Frequently well-intended semi-reactionary politicians win the fight in the polls and in the majority opinion, but fail to achieve any actual victory. Part of this is the resistance of the Judiciary, which we've discussed at length in earlier posts, acting essentially as a diode blocking reactionary current while permitting current in the 'progressive' direction. Most reactionaries and conservatives are aware to some degree of this dynamic. Victory will eventually require the destruction or short-circuiting of this diode.
But most are not aware that the civil service bureaucracy is an even more central support of the Cathedral. It is probably its oldest and most powerful edifice. Politicians struggle against it largely in vain, and it deliberately leaks embarassing things when it feels itself under attack, things which are invariably blamed on the attacker. When budgets are cut---and in the newspeak, simply reducing the projected rate of increase is deemed a 'cut'---it ensures that the most near and dear things to the public suffer the ax first. It is a bit of a Gordion Knot problem, since the existence of a heavily entrenched civil service prevents any semblance of accountable governance or meaningful movement of the US in non-progressive directions.
However, it so happens I've got a sword to offer you for this turbulent knot. Here it is:
Return to the Spoils System...the bad old days solution where offices were used to buy votes and key supporters---wait a minute? You say that sort of stuff still goes on today, to an even greater extent? Amazing how the civil service acts, intended to act as a brake on governmental corruption simply made said corruption more subtle but vastly more pervasive.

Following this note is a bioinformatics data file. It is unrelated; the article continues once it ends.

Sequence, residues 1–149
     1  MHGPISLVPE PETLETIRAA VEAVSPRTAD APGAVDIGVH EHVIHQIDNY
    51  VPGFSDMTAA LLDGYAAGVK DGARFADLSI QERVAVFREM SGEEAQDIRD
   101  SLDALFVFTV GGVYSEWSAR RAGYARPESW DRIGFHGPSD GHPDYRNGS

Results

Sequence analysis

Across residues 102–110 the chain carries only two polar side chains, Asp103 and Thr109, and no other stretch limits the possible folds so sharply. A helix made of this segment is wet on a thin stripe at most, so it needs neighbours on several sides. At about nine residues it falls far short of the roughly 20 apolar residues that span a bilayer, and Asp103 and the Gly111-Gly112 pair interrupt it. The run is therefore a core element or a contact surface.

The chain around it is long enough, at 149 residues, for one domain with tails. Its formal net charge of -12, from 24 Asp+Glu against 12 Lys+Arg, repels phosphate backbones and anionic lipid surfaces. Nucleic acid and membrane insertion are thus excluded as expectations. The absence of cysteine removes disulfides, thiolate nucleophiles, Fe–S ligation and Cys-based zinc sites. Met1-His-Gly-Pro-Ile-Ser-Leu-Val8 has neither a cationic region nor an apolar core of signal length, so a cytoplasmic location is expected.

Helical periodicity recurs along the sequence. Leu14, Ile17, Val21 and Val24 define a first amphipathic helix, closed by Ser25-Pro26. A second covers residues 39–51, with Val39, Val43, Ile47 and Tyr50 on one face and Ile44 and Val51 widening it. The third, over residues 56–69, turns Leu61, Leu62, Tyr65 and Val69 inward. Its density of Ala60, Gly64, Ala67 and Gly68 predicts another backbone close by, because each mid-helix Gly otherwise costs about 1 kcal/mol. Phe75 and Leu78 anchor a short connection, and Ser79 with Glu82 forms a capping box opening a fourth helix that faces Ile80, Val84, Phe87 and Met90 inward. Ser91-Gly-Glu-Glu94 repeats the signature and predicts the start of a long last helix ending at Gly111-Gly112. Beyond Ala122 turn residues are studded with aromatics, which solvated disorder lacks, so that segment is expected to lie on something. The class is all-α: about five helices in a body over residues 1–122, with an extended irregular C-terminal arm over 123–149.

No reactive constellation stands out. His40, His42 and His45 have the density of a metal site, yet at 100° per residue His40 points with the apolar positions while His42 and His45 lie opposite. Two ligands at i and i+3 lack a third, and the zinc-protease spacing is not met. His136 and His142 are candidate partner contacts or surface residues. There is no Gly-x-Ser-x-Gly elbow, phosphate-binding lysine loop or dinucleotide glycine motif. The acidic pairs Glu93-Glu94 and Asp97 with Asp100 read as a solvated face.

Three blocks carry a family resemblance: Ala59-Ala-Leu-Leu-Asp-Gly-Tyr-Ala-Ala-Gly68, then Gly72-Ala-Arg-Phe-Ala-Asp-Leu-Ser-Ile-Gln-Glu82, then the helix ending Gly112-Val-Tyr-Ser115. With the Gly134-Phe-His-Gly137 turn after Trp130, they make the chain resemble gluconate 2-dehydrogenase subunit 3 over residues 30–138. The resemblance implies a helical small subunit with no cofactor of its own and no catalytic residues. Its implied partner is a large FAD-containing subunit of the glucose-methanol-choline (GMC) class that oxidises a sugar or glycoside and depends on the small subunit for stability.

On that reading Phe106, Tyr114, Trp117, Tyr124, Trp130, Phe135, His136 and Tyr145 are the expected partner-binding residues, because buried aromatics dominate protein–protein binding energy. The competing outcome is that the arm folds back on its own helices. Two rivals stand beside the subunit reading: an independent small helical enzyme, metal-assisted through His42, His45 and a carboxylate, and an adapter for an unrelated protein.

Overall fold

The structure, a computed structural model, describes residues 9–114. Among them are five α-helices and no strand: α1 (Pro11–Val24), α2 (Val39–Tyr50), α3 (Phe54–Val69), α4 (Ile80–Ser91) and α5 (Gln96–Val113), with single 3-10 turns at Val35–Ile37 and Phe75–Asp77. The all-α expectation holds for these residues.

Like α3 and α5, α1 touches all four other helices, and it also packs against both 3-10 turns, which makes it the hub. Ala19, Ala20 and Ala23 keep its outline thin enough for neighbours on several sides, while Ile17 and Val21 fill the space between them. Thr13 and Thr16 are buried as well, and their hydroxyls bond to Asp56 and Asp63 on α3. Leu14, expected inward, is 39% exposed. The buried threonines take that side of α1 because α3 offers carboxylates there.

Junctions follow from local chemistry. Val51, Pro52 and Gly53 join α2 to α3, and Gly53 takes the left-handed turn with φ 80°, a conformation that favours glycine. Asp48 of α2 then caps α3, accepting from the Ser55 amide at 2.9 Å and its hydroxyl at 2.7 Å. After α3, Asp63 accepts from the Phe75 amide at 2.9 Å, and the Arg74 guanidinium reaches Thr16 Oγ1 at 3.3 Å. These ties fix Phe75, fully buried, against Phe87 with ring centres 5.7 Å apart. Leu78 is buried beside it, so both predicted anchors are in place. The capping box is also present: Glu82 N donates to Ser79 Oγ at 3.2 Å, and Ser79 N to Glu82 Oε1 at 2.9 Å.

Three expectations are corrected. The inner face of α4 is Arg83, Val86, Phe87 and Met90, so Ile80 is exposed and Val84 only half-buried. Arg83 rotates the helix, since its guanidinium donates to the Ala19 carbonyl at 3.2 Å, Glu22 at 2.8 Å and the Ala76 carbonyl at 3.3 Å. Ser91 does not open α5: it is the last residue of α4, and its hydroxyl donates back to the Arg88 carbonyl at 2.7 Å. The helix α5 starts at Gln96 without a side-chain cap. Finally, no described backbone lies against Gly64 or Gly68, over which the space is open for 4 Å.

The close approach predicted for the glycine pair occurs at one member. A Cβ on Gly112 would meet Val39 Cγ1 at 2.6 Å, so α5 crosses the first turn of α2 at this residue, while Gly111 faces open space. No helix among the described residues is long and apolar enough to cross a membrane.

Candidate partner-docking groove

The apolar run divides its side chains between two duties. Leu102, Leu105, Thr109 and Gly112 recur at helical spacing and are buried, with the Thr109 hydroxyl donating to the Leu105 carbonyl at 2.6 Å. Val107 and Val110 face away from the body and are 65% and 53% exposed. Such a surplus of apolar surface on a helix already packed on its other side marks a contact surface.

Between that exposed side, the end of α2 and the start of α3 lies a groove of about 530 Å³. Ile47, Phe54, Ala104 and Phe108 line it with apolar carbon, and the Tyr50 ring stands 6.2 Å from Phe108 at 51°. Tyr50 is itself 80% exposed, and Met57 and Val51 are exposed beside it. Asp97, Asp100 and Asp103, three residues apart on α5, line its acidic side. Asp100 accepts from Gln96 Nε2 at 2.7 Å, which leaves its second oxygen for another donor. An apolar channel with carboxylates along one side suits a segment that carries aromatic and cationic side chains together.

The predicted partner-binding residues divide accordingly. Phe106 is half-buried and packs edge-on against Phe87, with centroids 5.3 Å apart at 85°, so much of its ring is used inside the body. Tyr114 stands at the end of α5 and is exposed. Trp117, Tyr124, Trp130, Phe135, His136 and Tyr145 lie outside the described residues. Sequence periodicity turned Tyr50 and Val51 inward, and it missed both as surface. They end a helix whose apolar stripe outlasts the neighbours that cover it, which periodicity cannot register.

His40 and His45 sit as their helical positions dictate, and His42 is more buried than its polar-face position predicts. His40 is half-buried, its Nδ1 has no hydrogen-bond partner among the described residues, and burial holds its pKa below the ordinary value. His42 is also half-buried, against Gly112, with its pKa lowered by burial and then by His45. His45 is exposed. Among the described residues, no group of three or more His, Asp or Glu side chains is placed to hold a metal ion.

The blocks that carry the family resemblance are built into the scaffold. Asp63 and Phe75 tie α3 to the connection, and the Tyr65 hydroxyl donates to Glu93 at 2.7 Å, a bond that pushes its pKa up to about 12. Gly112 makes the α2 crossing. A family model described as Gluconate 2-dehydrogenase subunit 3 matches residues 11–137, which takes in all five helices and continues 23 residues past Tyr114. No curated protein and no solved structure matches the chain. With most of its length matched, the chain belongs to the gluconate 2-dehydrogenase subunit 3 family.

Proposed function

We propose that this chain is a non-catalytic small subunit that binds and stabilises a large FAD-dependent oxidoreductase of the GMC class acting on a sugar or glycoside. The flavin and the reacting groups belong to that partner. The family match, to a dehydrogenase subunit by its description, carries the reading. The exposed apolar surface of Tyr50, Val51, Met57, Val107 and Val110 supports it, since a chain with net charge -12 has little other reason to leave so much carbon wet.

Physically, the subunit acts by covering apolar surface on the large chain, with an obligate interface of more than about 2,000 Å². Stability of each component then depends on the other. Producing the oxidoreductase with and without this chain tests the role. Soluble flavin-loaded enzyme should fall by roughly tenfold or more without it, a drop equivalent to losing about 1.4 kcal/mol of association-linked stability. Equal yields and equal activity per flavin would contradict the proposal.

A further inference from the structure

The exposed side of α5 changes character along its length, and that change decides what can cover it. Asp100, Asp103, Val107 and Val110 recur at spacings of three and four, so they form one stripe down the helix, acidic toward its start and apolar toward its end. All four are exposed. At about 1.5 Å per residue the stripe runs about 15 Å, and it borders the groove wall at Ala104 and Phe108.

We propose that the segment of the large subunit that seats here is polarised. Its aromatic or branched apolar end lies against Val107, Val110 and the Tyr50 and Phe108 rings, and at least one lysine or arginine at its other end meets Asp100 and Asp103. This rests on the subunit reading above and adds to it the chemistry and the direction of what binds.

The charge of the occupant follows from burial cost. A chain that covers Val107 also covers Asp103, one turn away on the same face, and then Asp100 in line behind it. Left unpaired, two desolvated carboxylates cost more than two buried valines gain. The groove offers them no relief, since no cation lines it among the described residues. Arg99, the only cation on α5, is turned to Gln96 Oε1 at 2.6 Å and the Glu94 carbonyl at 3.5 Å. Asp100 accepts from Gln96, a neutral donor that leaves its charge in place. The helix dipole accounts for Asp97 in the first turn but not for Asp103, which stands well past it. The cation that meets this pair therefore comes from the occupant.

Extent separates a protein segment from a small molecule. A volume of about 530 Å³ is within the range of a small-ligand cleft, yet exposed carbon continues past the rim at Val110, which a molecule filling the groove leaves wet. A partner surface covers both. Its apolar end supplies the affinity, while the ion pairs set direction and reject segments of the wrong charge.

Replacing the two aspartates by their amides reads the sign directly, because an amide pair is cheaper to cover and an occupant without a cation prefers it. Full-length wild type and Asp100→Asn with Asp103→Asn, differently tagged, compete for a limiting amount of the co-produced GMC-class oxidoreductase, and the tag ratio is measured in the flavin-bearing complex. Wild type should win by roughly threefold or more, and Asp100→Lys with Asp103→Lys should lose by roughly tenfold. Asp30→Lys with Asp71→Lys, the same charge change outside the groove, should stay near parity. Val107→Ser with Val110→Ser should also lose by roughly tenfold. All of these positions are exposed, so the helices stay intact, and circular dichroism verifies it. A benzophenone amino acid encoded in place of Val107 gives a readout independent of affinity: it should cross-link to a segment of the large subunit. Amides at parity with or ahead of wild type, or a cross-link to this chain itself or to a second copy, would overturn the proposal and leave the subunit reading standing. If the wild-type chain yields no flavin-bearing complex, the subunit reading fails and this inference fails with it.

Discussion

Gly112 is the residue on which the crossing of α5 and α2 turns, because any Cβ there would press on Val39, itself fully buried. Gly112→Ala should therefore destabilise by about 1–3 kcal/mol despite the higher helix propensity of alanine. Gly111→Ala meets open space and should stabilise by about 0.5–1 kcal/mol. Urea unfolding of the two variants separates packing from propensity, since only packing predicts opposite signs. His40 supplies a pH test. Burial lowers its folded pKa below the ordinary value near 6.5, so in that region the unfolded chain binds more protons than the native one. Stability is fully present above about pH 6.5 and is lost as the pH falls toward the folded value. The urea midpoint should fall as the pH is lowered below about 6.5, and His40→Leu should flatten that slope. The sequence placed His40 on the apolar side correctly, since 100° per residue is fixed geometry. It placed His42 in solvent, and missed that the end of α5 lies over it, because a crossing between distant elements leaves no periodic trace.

To do this you'd have to repeal all of the civil service acts, and make every single employee of the federal government fire at will---by which I mean they could be fired for ANY reason, and mass firings would be the expected norm when a new administration took power. They would have to enjoy not even the protections that people in the private workplace enjoy regarding 'cause' or discrimination.
From a practical standpoint, to get there from here you might need to do a bit of counterintelligence work---deliberately manufacture totally inflammatory cases where a handpicked person is totally unsympathetic to the population at large but they can't be fired because of the letter of the civil service law.
Now some say that the spoils system is far more democratic than the existing civil service system. That's true, but that's not the reason why I support it. I support it because the existing system is totally in the hands of the enemy and therefore needs to be destroyed or subverted. This is the way in which that can be accomplished. Selling this to the population will require a fair bit of propaganda, probably invoking the fact that the civil service system prevents any actual accountability and is profoundly undemocratic. Weakening the bureaucracy through budget and staff cuts is probably also necessary as battlefield preparation. Fortunately the economic and budgetary conditions give us good tailwinds in that endeavor.
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